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Discussion Starter #1
I've ordered a canon 7D, should arrive in a week. I picked up a Sigma 10-20mm lens and the camera comes with a 28-135mm lens. I also have a non IS 17-55 from my Rebel and I have a prime 50mm 1.8.

Also bought a speedlite 430ex as it can be controlled remotely by the 7D.

Can't wait for it to be here!
 

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congrats... im jealous

im still rockin my 30D and one of these days, i will upgrade to a 7D or something :D
 

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Discussion Starter #3
My current camera is a Rebel, from 2004 ;-) I've not used it for a while it lacks so many features compared to the current ones. I really look forward to the new one. I've ordered all the stuff from a ton of shops.

* Camera from Ebay - Authorized Dealer though (you get a nice receipt for service though) [Canon 7D]
* New tripod from Adorama, $150 one, should have probably bought a carbon fiber one, but I guess I can see this if I find it too heavy. [Vanguard Alta 265AB]
* Camera Flash from Amazon Fresh (came this morning with my shopping ;-) ) [Speedlite 430ex]
* Nice new wide angle lens from B & H [Sigma 10-20mm]
* A 16gb fast compact flash card from New Egg [Transcend TS16GCF400]

Phew... a lot of stuff and I have no idea how long it will take to arrive, lol. Well I have the flash. got to learn how to use it though, never used a separate flash before.

Super excited!
 

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Lucky b******

I want a 7D too....still working with a 40D

You will enjoy the Sigma 10-20 - I have the same lens and it opens up a whole range of possibilities such as these.....



 

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Discussion Starter #5
Awesome pictures. I can't wait for it all. I live up in the Pacific Northwest and there are some amazing locations, lots of mountains here. I moved here just over a year ago and not gone out anywhere around as I didn't want to do it without a camera. So looking forward to the great.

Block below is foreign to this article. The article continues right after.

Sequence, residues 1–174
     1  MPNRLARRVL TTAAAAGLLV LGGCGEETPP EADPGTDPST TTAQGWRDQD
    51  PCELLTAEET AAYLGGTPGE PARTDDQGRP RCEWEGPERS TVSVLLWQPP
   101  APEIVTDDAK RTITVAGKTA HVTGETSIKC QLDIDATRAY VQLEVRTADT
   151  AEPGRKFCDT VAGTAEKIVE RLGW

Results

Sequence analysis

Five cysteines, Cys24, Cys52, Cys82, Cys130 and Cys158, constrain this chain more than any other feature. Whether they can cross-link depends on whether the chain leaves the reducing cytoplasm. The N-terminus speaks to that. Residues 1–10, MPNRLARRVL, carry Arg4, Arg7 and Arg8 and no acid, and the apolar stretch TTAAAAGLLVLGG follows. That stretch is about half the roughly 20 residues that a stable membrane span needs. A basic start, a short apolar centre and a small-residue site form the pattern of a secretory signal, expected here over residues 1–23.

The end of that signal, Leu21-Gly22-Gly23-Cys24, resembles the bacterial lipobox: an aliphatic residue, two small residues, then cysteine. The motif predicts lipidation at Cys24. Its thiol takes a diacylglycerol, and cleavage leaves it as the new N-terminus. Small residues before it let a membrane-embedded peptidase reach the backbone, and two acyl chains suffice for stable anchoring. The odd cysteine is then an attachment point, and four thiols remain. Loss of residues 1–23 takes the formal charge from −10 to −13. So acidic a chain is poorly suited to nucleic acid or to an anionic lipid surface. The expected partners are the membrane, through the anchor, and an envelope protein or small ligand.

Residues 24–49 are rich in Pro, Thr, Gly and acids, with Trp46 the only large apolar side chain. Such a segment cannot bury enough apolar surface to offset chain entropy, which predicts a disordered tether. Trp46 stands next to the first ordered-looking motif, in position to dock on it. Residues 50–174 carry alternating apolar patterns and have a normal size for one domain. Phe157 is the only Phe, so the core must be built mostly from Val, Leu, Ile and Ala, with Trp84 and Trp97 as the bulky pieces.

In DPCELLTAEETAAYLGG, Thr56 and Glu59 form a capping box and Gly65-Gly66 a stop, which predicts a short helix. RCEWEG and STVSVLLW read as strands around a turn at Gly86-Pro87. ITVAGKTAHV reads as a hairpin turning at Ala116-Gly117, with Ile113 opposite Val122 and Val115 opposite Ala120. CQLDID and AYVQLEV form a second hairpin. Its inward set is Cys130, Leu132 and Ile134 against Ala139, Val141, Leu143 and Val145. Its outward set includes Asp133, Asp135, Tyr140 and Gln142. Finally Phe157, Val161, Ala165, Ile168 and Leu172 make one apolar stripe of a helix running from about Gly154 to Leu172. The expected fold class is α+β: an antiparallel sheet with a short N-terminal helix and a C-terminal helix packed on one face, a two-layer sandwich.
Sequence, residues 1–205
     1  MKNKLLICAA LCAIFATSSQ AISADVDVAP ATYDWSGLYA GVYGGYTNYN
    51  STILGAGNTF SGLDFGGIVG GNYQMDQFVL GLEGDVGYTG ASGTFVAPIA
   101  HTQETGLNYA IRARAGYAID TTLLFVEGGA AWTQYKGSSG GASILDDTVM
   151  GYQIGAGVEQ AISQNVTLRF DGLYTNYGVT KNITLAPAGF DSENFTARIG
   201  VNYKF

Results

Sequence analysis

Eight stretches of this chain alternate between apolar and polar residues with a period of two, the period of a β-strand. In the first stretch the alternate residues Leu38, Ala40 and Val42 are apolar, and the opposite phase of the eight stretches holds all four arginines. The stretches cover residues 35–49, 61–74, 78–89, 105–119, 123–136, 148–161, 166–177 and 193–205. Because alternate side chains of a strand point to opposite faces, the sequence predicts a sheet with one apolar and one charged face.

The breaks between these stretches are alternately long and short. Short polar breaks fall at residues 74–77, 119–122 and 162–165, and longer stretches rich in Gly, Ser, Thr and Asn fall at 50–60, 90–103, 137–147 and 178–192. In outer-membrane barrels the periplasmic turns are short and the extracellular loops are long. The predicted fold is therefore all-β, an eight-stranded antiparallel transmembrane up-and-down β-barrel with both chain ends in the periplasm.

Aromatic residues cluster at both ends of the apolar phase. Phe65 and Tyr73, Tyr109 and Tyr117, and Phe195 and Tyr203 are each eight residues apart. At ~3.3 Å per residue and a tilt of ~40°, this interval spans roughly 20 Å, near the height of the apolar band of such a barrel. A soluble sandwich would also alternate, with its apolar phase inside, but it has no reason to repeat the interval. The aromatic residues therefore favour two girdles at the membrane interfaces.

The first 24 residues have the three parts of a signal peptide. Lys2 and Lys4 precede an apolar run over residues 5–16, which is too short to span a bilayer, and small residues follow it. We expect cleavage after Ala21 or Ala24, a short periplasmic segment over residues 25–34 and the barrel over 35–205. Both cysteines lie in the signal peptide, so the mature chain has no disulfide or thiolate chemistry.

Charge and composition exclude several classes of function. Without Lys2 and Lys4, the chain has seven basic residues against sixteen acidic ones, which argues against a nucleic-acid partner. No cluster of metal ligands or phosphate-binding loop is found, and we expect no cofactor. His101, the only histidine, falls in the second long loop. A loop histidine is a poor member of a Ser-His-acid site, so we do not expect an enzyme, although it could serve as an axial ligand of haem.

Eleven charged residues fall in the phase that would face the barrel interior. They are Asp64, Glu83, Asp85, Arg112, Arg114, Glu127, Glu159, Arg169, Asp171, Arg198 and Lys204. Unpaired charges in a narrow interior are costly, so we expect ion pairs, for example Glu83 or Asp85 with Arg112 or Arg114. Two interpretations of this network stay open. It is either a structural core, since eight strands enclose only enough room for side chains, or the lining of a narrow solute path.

Did you go up that building in Dubai?
 

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Did you go up that building in Dubai?
Tks....no, haven't been to the top of Burj Khalifa yet.....it opened briefly to the public and then closed down indefinitely after there was a problem with the elevators to the observatory. Not sure when it will open next but will be waiting to get in line when it does open.



 

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I've shot film and digital EOS series cameras for quite a while. The 7D is a huge step up from my 30D. Here's what I like after a long weekend:

The 100% 1x viewfinder is a nice change, once I stopped compensating as I did with my 30D. Also, the overlay screens, like the grid, is helpful in keeping the horizons and verticals aligned without being obtrusive.

Although there's been a few rumbles about the on/off switch being moved to the top left, once you get used to it, it is easier to use - I like it. The lock for the quick control wheel is in approximately the same place.

The 3" LCD screen is big, bright and beautiful. There's a big difference, even in brightness. Less glare, too - noticeably less. The 7D has a level function which lets you judge if your camera is leaning to one side or tilting forward or back. Anyone who's peered over a bubble mounted on a hot shoe will appreciate this luxury. And the LCD is bright enough to make this feature useful in daylight.

Another nice feature is that the menu structure is changed. There are more tabs, but all the menu items available on that tab are visible at once. No more scrolling off the screen to get to "format" or other functions.

The 7D lets you shoot 3 different sized RAWs in addition to the usual slew of JPEG sizes. I like shooting the highest quality RAW + highest quality JPEG (so you get two files for each picture). These files sizes are HUGE! I found JPEGs to range from 4.73M to 11.1M and CR2 files range from 20.7M to 30.4M. My 8G Sandisk Extreme IV held 237 shots (474 files).

Rather than give you my subjective opinion on picture quality (I am totally satisfied with the quality of the photos), I point you to the best technical reviews of cameras that I know of - dpreview. (Google it and you'll easily find it, I can't post the entire URL). As of now they just have a preview of the 7D. I'll post a few shots from Vermont w/ exposure info.